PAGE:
A different way to measure CO2?

VaughnH

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CAT.INIST.FR is an abstract of a publication that seems suspiciously like an improved way to use indicators for CO2 measurement. Does anyone have access to this to see what it is about?
 

Tom Barr

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There are many colormetric methods to measure CO2.

The real question is, do they provide reliable and accurate measurement?
Are they cost effective?

A light meter that measures color and intensity will run about 150-300$ at the least and that assumes that they will make it and not charge 500-1000$.

Note, the pH meter + Kh ref solution is quite accurate and relatively cheap.

Here's some thoughts and science behind CO2 sensors:

Potentiometric CO2-Sensor

Note, IR analyzers of gas phases are very inaccurate(20ppm + or - ) in most cases. If you have lots of $$$$, then you can get much better resolution.

These would be great if they had any accuracy also:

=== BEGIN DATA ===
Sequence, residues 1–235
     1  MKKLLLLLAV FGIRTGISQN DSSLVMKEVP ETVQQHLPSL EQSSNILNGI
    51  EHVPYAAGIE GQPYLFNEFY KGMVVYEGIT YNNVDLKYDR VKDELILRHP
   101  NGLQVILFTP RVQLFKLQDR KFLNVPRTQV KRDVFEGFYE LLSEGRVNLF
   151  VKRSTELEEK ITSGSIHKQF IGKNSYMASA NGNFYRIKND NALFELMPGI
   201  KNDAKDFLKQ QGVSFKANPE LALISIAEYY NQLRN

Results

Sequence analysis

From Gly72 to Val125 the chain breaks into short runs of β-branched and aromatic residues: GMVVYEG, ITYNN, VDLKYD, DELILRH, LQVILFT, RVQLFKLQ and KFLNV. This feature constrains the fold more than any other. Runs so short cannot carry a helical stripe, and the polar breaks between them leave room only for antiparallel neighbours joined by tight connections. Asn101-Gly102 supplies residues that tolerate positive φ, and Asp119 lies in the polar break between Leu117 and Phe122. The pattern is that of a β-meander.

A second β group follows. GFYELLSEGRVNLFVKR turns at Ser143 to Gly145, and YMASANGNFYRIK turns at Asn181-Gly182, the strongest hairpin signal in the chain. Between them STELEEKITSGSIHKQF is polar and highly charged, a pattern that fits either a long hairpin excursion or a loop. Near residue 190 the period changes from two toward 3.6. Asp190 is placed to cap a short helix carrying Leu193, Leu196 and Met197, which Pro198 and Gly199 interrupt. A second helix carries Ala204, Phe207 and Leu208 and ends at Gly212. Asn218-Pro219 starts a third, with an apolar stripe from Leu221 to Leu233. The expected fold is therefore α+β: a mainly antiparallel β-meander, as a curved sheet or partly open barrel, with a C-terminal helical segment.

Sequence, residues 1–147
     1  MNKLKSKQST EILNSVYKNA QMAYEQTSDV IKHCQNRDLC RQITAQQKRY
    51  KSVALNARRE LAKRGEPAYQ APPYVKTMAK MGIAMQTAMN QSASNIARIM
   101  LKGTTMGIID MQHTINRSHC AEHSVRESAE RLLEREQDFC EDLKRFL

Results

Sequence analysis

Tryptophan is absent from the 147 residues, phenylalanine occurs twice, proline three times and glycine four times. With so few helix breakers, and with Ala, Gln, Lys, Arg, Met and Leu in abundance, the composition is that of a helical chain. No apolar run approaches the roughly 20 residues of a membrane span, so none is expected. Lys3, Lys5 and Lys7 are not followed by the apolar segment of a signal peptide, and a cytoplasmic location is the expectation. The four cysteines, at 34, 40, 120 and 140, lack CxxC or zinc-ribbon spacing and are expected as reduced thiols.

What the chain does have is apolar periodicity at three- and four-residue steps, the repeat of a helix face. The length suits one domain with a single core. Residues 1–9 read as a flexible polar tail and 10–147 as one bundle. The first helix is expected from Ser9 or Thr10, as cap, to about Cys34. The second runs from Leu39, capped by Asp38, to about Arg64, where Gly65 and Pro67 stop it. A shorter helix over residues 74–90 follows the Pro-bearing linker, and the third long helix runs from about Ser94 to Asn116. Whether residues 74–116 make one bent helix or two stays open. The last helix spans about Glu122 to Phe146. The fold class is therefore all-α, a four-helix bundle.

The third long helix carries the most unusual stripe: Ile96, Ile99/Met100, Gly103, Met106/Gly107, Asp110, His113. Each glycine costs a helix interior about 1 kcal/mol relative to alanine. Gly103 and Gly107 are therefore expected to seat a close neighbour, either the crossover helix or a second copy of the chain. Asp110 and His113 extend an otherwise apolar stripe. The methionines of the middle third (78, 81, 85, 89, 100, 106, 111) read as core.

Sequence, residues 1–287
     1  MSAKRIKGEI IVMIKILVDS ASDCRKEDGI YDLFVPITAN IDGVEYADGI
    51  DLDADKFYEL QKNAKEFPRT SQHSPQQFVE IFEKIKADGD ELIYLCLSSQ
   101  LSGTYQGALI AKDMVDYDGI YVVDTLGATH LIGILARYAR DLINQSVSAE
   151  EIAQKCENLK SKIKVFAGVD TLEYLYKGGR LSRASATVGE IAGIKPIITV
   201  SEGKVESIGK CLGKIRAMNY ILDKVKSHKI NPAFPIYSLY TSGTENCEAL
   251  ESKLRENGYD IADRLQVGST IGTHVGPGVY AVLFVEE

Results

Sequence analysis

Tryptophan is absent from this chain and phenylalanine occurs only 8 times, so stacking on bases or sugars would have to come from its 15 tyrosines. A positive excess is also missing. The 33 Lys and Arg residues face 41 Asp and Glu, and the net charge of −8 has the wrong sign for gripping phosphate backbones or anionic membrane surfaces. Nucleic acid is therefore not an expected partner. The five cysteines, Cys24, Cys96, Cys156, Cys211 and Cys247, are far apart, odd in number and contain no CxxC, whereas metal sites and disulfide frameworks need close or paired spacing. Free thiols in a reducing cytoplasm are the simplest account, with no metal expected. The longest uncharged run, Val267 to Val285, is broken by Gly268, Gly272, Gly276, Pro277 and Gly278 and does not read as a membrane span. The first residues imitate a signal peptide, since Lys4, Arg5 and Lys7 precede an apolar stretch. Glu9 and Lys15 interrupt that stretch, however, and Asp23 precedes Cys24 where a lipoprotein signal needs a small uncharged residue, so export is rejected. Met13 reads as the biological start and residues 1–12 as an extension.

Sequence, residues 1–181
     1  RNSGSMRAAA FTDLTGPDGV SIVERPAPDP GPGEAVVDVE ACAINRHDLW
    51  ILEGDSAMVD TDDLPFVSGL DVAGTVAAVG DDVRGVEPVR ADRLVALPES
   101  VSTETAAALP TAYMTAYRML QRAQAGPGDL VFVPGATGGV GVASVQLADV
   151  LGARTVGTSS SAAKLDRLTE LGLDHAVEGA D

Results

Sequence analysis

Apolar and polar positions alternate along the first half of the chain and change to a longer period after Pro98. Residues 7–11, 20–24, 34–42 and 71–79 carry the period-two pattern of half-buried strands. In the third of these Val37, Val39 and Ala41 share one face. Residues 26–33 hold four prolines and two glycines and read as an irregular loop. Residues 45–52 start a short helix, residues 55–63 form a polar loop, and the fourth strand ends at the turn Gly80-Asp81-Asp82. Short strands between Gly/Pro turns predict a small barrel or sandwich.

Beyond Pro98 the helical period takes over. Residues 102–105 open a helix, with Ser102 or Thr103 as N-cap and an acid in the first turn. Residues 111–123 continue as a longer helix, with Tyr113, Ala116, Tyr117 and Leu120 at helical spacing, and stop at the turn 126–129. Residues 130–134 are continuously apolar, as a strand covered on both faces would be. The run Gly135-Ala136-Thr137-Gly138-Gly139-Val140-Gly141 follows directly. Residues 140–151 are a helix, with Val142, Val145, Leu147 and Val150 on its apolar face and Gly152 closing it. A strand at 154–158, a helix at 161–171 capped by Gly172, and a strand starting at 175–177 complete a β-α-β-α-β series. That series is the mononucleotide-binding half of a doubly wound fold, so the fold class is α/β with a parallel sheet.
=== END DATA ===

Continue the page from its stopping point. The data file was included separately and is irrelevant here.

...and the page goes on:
http://www.thermo.com/eThermo/CMA/PDFs/Product/productPDF_30697.pdf

But that's the rub, no accuracy.

And they cost more.

CO2 specific ISE probes work well, but they are not cheap either:

PASPORT® pH/ORP/ISE with Temperature Sensor

And

Ammonia ISE Kit

Note, there are a few different ions there, you need to add various chemicals to rule out interferences by other ions, you cannot simply use some of them continuously in the tank due to the potporuii of ions we normally have in there.

Some ISE background:

IonSelectiveElectrodes

bionmr-c1.unl.edu/421-821/Lectures/421-821-chapter-23.ppt

These guys have decent prices and good selection and are helpful/knowledgable

Ion Selective Electrodes ISE

Regards,
Tom Barr
 

Tom Barr

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Vaughn, since the Bromo blue is colormetric, you should be able to treat it like a meter using a Spectrophotometer.
There are fairly cheap ones for sale on line for 99$ etc.

You take the sample out and drop in the cuvette and measure intensity over a specific wavelength of interest. If you are interested, I have a whole listing of chemical reagents and methods to measure darn near everything, you need a small amount glass ware and scales etc, but you can do the DIY approach like many scientist and measure 200 or more different water parameters fairly well with it.

You have the pH indicator, you just need to make a pair or 3 standard CO2 references, one is the air/water at equilibrium. You knwo the KH and the amount of pH indicator, all you need is to make a calibration curve for CO2 over a 1-50ppm range. A 50ppm CO2 reference solution would be nice.

Regards,
Tom Barr